In Gathering Blue, why does Lois Lowry spend so much time describing the thread and Kira's weaving?
Lois Lowry, the author of Gathering Blue, chose an artist to be the main character because she wanted a character who was uniquely capable of influencing her society, even as a young person. The detailed descriptions of dyes, weaving, colors, and thread reinforce the idea of Kira as an artist. Before Kira comes to live in the Council Edifice, she doesn't really understand her gift. As she works on the Singer's robe; gets to know Thomas, another artist; and becomes more in tune with the way the cloth "speaks" to her, she begins to understand the unique opportunity an artist has to influence society for good. When Thomas, on their visit to the Fen, says that people have always lived in such horrible conditions, Kira suggests that since they are both artists, "maybe we can make it different." Thomas doesn't understand what she means, but Kira holds on to that thought.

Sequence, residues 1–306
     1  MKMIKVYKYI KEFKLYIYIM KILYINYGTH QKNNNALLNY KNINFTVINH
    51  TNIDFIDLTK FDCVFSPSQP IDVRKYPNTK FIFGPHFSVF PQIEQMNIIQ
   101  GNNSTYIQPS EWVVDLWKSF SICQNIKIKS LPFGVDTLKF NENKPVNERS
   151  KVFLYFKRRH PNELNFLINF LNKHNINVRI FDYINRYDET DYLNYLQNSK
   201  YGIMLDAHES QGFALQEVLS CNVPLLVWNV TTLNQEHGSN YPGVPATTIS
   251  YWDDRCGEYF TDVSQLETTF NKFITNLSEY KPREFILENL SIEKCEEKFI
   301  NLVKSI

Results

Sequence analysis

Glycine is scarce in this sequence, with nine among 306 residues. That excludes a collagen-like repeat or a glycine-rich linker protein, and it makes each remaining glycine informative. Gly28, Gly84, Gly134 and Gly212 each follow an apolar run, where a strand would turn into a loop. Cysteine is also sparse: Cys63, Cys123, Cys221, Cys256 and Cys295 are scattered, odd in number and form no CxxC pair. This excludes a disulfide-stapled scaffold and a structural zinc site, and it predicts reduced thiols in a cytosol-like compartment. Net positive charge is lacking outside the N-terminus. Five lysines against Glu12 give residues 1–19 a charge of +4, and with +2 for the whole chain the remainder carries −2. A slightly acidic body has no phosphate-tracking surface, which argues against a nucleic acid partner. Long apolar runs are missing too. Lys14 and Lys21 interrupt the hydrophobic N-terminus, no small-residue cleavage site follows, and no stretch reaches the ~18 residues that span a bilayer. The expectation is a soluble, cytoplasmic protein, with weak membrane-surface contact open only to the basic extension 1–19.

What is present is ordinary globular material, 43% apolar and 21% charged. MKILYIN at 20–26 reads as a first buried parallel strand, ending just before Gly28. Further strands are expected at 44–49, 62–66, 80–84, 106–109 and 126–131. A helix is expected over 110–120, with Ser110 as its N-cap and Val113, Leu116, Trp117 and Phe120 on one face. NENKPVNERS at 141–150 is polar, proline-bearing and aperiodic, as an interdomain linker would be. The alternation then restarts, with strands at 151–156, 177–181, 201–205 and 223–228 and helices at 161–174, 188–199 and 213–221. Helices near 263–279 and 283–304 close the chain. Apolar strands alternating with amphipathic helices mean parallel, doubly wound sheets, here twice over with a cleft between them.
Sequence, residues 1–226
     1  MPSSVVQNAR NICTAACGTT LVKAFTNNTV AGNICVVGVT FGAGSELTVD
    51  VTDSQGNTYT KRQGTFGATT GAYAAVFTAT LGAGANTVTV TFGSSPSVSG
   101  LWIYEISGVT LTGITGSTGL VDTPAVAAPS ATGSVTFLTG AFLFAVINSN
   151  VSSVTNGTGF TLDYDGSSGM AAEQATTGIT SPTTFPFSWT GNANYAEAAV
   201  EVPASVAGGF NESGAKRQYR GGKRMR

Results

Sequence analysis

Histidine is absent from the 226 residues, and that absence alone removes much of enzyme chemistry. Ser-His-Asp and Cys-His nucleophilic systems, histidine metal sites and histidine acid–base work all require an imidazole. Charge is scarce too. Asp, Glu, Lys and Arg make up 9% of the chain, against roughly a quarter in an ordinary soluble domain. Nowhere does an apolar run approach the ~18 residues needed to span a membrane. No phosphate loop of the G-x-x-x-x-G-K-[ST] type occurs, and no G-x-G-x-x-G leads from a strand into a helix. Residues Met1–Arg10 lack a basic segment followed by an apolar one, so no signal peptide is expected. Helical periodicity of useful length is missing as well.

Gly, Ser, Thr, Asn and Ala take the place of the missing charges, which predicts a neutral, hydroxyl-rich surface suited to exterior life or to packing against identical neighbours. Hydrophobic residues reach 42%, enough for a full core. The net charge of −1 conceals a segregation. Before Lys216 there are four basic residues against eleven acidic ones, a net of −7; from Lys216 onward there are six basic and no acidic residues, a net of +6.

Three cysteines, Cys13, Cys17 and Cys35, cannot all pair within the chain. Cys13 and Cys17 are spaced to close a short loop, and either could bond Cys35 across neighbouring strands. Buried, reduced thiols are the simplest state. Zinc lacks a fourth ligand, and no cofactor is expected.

Even after she learns that she, Thomas, and Jo are all being held captive by the guardians, she embraces her destiny: "They were the artists who could create the future." Thus, Kira decides to stay in her village, believing that her creative vision can produce improvements for her people. Because she is an artist, she "could feel the future through her hands."
Lowry emphasizes Kira's work with thread and dye to communicate her idea that artists can shape the future through their creativity and vision.